Water, aggregate, cement. Mix them together, and you produce concrete – usually the most banal of building materials, not even as characterful or satisfying to touch as a well-fired brick. But when concrete is used by brilliant architects and engineers, the results are riveting. Even today, the world’s first iconic concrete structure, the unreinforced 43.4m dome of the Pantheon in Rome, completed in AD128, still seems breathtaking in its daring and beauty.
The concrete facade of the Notre-Dame du Raincy cathedral, in Le Raincy, in the eastern suburbs of Paris
The grey slurry that sluices constantly out of many thousands of rumbling readymix drums worldwide can produce an amazing range of architectural effects.
It’s impossible to encounter the thick folds of Hadid’s municipal headquarters at Pierresvives, Montpelier, without feeling the sheer tonnage of the concrete. How about the weirdly lit sci-fi atmosphere of Chiaki Arai’s Niigata City Cultural Centre in Japan?
And how can you look at the vast, looming form of Tadao Ando’s Roberto Garza Sada Centre for Arts, Architecture and Design in Monterrey, Mexico, without flinching and imagining being crushed by its collapse at any moment?
The concreting of the world began with the Egyptians, who produced an early form of concrete using a lime and gypsum mix. Roman concrete – opus caementicum – was a much tougher combination of sand, volcanic ash, and hydrated lime. The Romans used concrete for buildings, bridges, aquaducts and viaducts for nearly two centuries, and their cement mix could support 200kg of weight per square centimetre. The sophistication of concrete took a big French-led step forward in 1853 when a house in Paris was built using iron-reinforced concrete; and by 1892, François Hennebique had patented a concrete column-and-beam system at about the time that Chicago’s early steel-reinforced buildings were going up.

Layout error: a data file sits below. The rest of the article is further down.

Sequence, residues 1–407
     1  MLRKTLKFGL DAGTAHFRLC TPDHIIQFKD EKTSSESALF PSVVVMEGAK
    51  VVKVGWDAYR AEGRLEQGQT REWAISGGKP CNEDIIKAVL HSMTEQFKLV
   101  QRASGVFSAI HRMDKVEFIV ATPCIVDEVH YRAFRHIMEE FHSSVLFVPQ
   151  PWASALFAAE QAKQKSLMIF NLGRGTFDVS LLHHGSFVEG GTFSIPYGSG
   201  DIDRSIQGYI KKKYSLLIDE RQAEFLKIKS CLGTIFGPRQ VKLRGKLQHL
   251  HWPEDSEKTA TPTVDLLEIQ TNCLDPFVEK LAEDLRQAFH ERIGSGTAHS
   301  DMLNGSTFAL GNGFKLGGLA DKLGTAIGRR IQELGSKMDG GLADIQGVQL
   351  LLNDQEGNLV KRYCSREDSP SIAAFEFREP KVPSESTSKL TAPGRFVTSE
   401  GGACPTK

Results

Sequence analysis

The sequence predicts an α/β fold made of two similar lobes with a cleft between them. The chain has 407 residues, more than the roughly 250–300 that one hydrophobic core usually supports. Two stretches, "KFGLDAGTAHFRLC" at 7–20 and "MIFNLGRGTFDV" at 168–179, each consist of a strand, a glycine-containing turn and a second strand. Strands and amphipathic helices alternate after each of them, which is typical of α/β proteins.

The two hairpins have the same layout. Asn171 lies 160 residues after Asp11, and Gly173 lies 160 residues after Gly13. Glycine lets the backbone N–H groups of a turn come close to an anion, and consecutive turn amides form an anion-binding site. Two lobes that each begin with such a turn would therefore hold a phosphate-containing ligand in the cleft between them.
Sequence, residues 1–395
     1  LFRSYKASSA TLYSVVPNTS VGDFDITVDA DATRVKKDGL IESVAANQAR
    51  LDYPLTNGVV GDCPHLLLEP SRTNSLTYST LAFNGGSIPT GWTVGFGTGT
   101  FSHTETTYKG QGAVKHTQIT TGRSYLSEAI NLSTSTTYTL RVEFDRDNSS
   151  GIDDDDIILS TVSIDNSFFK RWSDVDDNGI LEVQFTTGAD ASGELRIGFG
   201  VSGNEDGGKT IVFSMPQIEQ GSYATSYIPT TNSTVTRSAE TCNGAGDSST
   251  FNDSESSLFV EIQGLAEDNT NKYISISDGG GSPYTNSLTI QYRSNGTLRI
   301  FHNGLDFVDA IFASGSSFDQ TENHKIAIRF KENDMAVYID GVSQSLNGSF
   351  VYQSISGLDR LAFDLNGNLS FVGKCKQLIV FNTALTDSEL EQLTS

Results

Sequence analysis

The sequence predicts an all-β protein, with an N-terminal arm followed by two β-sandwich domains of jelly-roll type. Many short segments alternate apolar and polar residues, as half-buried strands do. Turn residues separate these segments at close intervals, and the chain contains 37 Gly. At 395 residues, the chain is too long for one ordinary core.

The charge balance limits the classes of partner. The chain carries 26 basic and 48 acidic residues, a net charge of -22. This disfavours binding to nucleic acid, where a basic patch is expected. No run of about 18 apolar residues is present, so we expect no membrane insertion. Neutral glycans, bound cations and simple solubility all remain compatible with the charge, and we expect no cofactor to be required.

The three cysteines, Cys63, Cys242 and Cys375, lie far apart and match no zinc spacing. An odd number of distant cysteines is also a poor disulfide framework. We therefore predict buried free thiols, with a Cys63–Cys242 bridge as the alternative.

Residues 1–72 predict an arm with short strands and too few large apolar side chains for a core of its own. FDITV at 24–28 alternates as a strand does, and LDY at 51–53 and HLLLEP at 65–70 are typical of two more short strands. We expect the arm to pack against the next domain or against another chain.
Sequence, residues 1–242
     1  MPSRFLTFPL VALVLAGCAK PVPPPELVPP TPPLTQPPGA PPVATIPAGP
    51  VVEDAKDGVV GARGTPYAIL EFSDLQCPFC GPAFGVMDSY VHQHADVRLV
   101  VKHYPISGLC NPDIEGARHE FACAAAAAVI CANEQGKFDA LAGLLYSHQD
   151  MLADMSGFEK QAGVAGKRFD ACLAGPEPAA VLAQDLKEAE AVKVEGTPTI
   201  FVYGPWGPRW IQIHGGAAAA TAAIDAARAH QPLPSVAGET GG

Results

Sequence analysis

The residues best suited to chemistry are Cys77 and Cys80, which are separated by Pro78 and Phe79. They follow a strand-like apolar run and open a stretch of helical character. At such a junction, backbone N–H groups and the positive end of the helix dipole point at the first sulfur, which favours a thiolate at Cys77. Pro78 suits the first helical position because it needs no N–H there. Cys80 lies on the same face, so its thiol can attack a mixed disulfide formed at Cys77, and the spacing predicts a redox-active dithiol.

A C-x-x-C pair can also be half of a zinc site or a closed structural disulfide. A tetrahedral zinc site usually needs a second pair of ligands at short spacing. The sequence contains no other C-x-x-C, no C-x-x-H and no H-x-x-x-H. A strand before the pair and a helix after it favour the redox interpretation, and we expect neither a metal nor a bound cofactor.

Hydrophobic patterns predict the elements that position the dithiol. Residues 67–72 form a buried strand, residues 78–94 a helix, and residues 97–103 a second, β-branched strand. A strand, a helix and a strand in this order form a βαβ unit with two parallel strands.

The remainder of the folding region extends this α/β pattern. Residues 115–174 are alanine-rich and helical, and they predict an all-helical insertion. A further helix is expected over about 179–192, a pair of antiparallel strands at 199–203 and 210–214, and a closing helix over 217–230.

The Ibirapuera Park Auditorium designed in 1950 by Brazilian Architect Oscar Niemeyer, in Sao Paulo
In 1913, Max Berg completed the 69m-wide dome of the Centennial Hall in Wroclaw, Poland; and in 1923, Auguste Perret’s Notre Dame church at Le Raincy proved that concrete could be used for elegant modern architecture.
It was the great 20th-century modernist architects and engineers who used concrete to literally break the mould in the way buildings and structures could be formed.
The most sensational results were produced by a Finn and a Brazilian: Eero Sarinen’s 1950s TWA air terminal in New York was concrete in exquisitely arrested meltdown; and in Sao Paulo, Oscar Niemeyer’s Ibirapuera Auditorium greets visitors with a red concrete tongue. Less dramatic, but much more profoundly atmospheric, are the chapel at Ronchamp designed by Le Corbusier – probably the single most iconic chunk of modern concrete architecture – and Peter Zumthor’s Bruder Klaus chapel in Germany, whose charred concrete interior was shaped by a tepee of 113 tree trunks that where burned away once the concrete had set.
Younger practices continue to add to the lexicon of concrete architecture.
The Chilean designers, Pezo von Ellrichhausen, used dyed-green concrete for their block-like house in San Pedro; in Acapulco, BNKR’s Sunset Chapel is a weirdly angular concrete boulder; and Rudy Ricciotti’s MuCEM exhibition hall in Marseille has a filigreed concrete shell.
How cool is concrete? In the right hands and imaginations, very cool indeed.
‘Concrete Buildings’, by Philip Jodidio is published by Taschen